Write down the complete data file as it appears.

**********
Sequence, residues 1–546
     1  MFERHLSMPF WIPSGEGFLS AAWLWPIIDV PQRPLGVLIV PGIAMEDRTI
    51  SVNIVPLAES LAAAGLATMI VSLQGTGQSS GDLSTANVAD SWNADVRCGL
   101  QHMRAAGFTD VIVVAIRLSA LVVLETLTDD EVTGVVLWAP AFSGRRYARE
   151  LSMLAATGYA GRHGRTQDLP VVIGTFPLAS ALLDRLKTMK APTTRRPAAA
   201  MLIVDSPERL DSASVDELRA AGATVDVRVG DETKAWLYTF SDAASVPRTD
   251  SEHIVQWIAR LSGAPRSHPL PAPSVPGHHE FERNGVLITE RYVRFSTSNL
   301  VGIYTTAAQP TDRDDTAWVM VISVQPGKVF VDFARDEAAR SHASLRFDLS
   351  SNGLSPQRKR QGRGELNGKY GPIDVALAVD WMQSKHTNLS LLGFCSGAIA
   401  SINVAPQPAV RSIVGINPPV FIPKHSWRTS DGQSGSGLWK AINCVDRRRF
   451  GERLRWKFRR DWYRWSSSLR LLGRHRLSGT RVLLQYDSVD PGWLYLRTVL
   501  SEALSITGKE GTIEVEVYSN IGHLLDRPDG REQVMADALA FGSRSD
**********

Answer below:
Sequence, residues 1–546
     1  MFERHLSMPF WIPSGEGFLS AAWLWPIIDV PQRPLGVLIV PGIAMEDRTI
    51  SVNIVPLAES LAAAGLATMI VSLQGTGQSS GDLSTANVAD SWNADVRCGL
   101  QHMRAAGFTD VIVVAIRLSA LVVLETLTDD EVTGVVLWAP AFSGRRYARE
   151  LSMLAATGYA GRHGRTQDLP VVIGTFPLAS ALLDRLKTMK APTTRRPAAA
   201  MLIVDSPERL DSASVDELRA AGATVDVRVG DETKAWLYTF SDAASVPRTD
   251  SEHIVQWIAR LSGAPRSHPL PAPSVPGHHE FERNGVLITE RYVRFSTSNL
   301  VGIYTTAAQP TDRDDTAWVM VISVQPGKVF VDFARDEAAR SHASLRFDLS
   351  SNGLSPQRKR QGRGELNGKY GPIDVALAVD WMQSKHTNLS LLGFCSGAIA
   401  SINVAPQPAV RSIVGINPPV FIPKHSWRTS DGQSGSGLWK AINCVDRRRF
   451  GERLRWKFRR DWYRWSSSLR LLGRHRLSGT RVLLQYDSVD PGWLYLRTVL
   501  SEALSITGKE GTIEVEVYSN IGHLLDRPDG REQVMADALA FGSRSD